Government Contracts Matters
Good lawyers bully the problem; bad ones bully the people.
We understand that distinction. We understand that these are disputes with people who are also our clients’ customers. And we understand that the “typical lawyer” approach of diving towards court may raise the client’s costs by a quantum leap. We try to be atypical instead, and to approach administrative and government contract disputes with the following structure in mind:
- Confirm whether there is an actual problem and not a miscommunication.
- If there is a problem, confirm the exact parameters, issues and potential solutions from the government’s point of view.
- Question: Can the client adjust its goals to avoid the government’s concerns; i.e., can we find a way for the government to “win” without the client having to “lose”?
- Can the agency help us solve all or part of the problem? (There’s a vast difference between what you can force an agency do and what the particular officers can do if they’re willing to try and help).
- Decide with the client whether to fight over the disputes that remain.
- Take whatever administrative or court appeals may be needed.
Javits-Wagner-O’Day (“JWOD”) Act
41 U.S.C. Sct. 46-48c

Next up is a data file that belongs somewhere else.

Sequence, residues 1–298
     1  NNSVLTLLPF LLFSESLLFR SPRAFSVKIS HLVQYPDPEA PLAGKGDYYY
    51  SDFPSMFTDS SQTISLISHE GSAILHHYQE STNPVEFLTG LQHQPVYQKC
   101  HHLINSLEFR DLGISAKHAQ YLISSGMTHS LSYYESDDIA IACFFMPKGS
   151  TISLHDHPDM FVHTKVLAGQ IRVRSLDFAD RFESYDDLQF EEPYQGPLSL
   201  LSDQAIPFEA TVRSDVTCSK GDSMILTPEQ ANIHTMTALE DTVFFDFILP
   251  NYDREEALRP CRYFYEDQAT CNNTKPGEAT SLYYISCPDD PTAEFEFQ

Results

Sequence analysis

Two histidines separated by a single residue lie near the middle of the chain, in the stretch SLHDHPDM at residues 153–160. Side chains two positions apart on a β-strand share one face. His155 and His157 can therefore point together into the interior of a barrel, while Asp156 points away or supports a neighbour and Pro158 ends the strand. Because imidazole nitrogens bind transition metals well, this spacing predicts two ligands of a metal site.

a/k/a the NIB/NISH Program
We have counseled dozens of companies and individuals with regard to the workings of this program, the agency that oversees it (the “Committee for Purchase from People who are Blind or Severely Disabled”), and the Central Nonprofit Agencies that do most of the administration, NIB (National Industries for the Blind) and NISH (f/k/a National Industries for the Severely Handicapped).
Most of our clients in this field have been individual companies threatened by a proposal to add one of their contracts to the JWOD “Procurement List”, which has the effect of permanently removing the items in question from public bid. If you have received a letter from the Committee requesting a variety of financial data, one of your contracts has probably been targeted. Please feel free to review the articles below for some general information, and to contact us directly to discuss any specifics.